Reactions to ISHN’s 27th annual White Paper reader survey

I think, for the most part, that the priorities for OSHA were about where we all feel they should be. I am pleasantly surprised to see that a General Industry Combustible Dust Standard made the top five.

I find it somewhat troubling that more than half don't think fines from OSHA should be increased. Is this fear talking? Is it I am afraid that I am going to get more work talking? Look at the way the EPA does it. They hit hard with fines when they have to or need to. OSHA fines are about as helpful to moving the industry forward as a speeding ticket. And we all know how well speeding tickets have reduced speeding on the highways. But if the fines for speeding started at $1,000, I can bet that far fewer people would be speeding.

The results of Safety Pros Focus and Duties that Impede our Progress is significantly troubling. This to me speaks to the issue of whether or not senior leadership in an organization truly gets it. If they got it and they wanted their organizations to not be headline news every year then they would provide the true leadership and resources to get to the root of many of their problems. Most major changes in safety and occupational health don't come about because we or our leadership were forward thinking. On the contrary, most changes typically come about as a knee jerk reactions to something devastating that has recently happened. I have seen too many incident investigations where the teams only look for the cause of why something blew up. Instead we should be looking for all of the contributing causes that lead to the primary causes (you know, true root cause analysis).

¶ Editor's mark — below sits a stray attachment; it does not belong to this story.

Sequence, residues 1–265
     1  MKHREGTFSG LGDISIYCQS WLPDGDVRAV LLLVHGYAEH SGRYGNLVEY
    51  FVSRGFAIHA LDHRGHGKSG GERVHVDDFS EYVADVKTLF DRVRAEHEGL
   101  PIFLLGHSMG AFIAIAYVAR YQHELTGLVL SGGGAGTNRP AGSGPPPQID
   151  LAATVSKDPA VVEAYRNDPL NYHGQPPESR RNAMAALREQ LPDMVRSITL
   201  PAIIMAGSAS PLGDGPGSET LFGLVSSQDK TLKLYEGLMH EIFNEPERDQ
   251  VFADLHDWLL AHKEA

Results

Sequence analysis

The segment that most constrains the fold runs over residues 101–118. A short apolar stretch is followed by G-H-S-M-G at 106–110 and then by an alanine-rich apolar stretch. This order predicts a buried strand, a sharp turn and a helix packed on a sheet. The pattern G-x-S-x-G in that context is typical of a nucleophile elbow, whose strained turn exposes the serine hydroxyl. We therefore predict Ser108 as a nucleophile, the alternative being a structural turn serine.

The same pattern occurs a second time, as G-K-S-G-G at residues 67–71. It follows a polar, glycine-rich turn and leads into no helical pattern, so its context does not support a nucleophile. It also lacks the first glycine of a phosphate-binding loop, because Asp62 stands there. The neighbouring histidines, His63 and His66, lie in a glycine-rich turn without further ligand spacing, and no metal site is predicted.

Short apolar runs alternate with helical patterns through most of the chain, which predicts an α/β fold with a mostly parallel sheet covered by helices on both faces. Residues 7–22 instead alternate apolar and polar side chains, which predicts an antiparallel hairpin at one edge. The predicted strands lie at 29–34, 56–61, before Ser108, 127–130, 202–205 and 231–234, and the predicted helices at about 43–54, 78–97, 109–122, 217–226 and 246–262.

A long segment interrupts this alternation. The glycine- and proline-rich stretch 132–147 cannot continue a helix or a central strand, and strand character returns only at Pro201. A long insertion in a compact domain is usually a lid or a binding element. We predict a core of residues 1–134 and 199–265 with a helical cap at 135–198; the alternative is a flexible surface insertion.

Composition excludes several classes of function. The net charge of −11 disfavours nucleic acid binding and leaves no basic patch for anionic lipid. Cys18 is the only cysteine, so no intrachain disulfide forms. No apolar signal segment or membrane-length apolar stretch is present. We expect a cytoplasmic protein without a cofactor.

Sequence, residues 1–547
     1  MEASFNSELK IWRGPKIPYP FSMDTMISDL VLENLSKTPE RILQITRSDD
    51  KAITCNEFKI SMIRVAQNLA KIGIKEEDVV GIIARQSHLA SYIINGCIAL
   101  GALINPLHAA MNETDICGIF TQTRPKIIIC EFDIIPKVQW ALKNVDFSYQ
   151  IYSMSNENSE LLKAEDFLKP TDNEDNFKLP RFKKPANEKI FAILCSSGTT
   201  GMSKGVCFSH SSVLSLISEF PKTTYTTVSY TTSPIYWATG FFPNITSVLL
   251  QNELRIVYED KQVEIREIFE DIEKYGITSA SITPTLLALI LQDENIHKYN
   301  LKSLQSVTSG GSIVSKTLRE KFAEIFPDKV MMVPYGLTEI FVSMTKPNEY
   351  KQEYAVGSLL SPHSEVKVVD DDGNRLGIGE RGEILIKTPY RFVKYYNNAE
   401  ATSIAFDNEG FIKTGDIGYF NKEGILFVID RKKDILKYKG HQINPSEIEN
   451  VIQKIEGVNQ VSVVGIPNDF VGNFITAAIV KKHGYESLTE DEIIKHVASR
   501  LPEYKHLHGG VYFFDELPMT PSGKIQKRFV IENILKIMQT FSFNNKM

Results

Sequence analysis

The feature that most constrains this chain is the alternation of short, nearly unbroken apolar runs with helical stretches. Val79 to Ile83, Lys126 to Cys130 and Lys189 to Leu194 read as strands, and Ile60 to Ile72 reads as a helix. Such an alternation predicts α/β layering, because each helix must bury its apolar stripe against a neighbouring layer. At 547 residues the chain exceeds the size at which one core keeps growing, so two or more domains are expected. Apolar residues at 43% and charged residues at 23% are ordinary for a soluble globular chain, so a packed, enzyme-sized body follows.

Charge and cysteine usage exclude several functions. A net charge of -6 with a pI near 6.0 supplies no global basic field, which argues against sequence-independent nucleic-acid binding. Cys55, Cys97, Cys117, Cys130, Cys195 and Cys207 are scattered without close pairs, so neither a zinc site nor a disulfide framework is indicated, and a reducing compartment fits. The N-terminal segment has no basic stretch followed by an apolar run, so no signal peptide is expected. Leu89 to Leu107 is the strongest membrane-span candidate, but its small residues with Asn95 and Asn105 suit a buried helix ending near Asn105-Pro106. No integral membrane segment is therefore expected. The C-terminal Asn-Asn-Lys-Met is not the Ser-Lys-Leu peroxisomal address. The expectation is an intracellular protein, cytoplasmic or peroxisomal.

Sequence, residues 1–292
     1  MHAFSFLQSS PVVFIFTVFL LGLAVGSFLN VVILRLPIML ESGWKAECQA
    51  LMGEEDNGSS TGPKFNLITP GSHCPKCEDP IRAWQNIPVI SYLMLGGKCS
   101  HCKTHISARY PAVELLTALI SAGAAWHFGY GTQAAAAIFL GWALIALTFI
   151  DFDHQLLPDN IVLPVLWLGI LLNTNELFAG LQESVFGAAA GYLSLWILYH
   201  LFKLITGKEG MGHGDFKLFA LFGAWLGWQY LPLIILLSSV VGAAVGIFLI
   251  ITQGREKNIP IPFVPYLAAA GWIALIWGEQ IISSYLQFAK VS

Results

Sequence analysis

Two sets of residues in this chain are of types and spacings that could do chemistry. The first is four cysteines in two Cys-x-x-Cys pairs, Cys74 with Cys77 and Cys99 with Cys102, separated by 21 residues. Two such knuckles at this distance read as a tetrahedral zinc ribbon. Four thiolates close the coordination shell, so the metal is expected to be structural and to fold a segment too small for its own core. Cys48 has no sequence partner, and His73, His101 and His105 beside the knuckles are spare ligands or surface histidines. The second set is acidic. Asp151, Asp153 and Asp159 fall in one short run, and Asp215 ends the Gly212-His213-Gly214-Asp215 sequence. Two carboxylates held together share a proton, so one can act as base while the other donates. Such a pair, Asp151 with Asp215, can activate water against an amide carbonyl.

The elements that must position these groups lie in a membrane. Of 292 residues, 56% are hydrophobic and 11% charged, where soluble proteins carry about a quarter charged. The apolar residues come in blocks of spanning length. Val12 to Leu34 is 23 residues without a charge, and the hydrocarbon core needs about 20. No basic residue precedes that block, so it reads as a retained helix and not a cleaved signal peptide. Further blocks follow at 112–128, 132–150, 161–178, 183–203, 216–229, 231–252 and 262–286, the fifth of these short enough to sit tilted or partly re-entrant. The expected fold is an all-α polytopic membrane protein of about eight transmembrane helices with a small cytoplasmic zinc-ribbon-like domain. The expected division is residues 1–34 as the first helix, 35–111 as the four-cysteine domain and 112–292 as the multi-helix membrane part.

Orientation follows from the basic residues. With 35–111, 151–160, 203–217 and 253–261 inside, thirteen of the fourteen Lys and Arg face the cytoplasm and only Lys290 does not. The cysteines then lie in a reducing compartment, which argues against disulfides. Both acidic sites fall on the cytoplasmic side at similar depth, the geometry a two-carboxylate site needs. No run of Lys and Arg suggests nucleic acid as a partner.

76% of those who responded seem to indicate that they would like to see more safety activism. But let's be real, how many of those respondents are willing to "stand up and be counted"? I have sat in too many professional meetings where I feel as if I am with a bunch of sheep. Everyone wants to be led to the promised land but they don't always want to be out front leading. We will continue to be in this funk we are in until our own attitudes and activism come from within. Senior leadership in most organizations doesn't want to talk to a sheepish SHE professional. They also want a leader who can show them what is not right and THEN show them how to fix the problems.

DEMOGRAPHICS...this is what is going to put out the flames and silence the music. 63% of us are 50 years or older. That is devastatingly shocking and most probably true. We are turning into a bunch of AARPers. WE NEED NEW YOUNGER BLOOD OR WE ARE IN BIG TROUBLE. The other major part of our demographics problem is that there is only 16% female in our ranks. This has to change. Women now make up 51% of the workforce in the U.S. We need to do a MUCH better job of recruiting at university programs. We must help our universities to help us.

Aaron Chen